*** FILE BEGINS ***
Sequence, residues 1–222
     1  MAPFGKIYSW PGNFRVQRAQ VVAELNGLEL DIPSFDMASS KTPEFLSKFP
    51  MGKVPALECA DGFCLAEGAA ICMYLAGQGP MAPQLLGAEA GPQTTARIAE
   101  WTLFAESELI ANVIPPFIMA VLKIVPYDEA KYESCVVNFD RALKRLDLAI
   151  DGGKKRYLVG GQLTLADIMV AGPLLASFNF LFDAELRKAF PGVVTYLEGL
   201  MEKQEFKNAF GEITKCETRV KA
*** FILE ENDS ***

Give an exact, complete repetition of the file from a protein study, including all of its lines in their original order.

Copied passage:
Sequence, residues 1–222
     1  MAPFGKIYSW PGNFRVQRAQ VVAELNGLEL DIPSFDMASS KTPEFLSKFP
    51  MGKVPALECA DGFCLAEGAA ICMYLAGQGP MAPQLLGAEA GPQTTARIAE
   101  WTLFAESELI ANVIPPFIMA VLKIVPYDEA KYESCVVNFD RALKRLDLAI
   151  DGGKKRYLVG GQLTLADIMV AGPLLASFNF LFDAELRKAF PGVVTYLEGL
   201  MEKQEFKNAF GEITKCETRV KA